Myers-Briggs tests in the workplace help the employer, not the employee, says author
Employees 'manipulated' into believing companies care, says Oxford prof
Originally published on September 26, 2018
Corporations that make employees take the Myers-Briggs Type Indicator are more concerned with profits than psychological well-being, according to an expert on the personality test.
The Myers-Briggs Type Indicator is a test that aims to establish how a person perceives the world and makes decisions, dividing respondents into 16 personality types. First developed in 1943, it's now used by universities, Fortune 500 companies, and even the CIA.
To fans and true believers, the test is a great tool for self-understanding. But to critics like Merve Emre, an associate professor at Oxford University, it's an unscientific weapon for corporate labour management.
Emre's new book The Personality Brokers: The Strange History of Myers-Briggs and the Birth of Personality Testing, explores the history of MBTI and the way it's used today.
She spoke to The Current's Anna Maria Tremonti about how the test is used, and who reaps the benefits. Here is part of their conversation.
Why have big corporations been so interested in giving their prospective employees personality tests?
When the Myers-Briggs Type Indicator was first designed in the '40s through, say, the '60s, the interest was really in figuring out a quick and easy and cheap way to match workers to the jobs that were best suited to their abilities.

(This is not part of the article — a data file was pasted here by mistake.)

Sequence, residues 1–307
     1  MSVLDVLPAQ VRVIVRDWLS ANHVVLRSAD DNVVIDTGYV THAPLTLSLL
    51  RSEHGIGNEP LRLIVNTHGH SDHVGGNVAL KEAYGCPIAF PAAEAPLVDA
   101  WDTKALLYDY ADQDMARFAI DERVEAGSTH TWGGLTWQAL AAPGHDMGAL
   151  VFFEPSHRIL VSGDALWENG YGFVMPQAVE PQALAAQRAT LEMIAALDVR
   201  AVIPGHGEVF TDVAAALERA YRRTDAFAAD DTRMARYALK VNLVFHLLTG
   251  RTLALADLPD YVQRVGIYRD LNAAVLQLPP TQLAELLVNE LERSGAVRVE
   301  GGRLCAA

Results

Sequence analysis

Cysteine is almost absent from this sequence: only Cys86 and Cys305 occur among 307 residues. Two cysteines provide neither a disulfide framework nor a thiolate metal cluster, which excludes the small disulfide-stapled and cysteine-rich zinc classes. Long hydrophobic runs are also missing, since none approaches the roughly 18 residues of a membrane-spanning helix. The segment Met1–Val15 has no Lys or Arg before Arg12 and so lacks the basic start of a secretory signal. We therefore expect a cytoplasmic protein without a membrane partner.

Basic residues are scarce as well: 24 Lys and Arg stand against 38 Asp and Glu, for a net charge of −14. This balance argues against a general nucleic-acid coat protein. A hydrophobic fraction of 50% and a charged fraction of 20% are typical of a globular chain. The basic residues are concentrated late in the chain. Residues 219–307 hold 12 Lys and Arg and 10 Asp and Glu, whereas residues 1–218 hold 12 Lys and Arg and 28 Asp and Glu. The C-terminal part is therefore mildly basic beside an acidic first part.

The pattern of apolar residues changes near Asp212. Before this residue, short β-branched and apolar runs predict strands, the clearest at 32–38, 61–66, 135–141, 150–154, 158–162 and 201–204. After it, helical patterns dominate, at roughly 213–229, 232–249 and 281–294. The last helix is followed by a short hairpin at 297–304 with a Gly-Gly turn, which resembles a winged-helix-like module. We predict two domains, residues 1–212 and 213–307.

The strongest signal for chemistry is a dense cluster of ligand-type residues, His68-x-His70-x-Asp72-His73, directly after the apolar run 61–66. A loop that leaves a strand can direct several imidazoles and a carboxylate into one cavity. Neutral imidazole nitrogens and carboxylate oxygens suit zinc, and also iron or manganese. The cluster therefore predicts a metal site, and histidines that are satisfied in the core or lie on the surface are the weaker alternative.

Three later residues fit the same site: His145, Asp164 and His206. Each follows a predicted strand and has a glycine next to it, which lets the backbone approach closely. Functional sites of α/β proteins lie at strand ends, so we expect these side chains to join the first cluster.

Later on, once you get to the '70s, the '80s, and the '90s, corporate culture really becomes infected with this idea that work is something that you should love, [that] it should be a source of self-actualisation.
Then one of the things that you see are these tests being given to help workers figure out how to find the things that are right for them, so that they can bind themselves freely and gladly to the work that they do and they're doing it in a way that takes care of their psyches, as well as turns profits for the corporation.
I was just gonna say, so was this indicator administered for the benefit of the corporation or the employee?
Well it's definitely for the benefit of the corporation, and the corporation of course is presenting it as if it's for the benefit of the employee. And one of the really interesting moments in the history of the Type Indicator for me is when the Educational Testing Services [in the U.S.] is trying to validate the indicator in the '50s, the '60s and even up to the early '70s, they very quickly realized that they can't validate it — that it's not valid or reliable.
But they say, you know, oftentimes corporations will give people a whole battery of personality tests and many of the tests they're giving them do label people as being abnormal or normal, good or bad. What if we also gave them the indicator and then gave them their results on the indicator, so they felt like we were doing them the service of self-discovery? And at the same time we could use all of those other tests to actually make our hiring decisions, and weed out the good apples from the bad apples.
So it becomes, you know, really this kind of this way of manipulating employees into believing that the corporation is looking out for their best interests, that the corporation does care about their selves.
Were there concerns that companies were digging deeply into the minds of the people they were hiring?
There have been a number of really interesting lawsuits filed in the States, on both the state and the federal level, about the privacy violations that these kinds of tests or indicators enact on the people that are asked to take them. This is of course compounded by the fact that many of these methods of assessment are not valid or reliable.
But I think the bigger question is: why is it that our psyches, why is it that our interiors should be made available to the people that we work for? Why is that something that they should have access to and why should work be a source of self validation?
Produced by The Current's Howard Goldenthal. Q&A edited for clarity and length. Listen to the full conversation near the top of this page.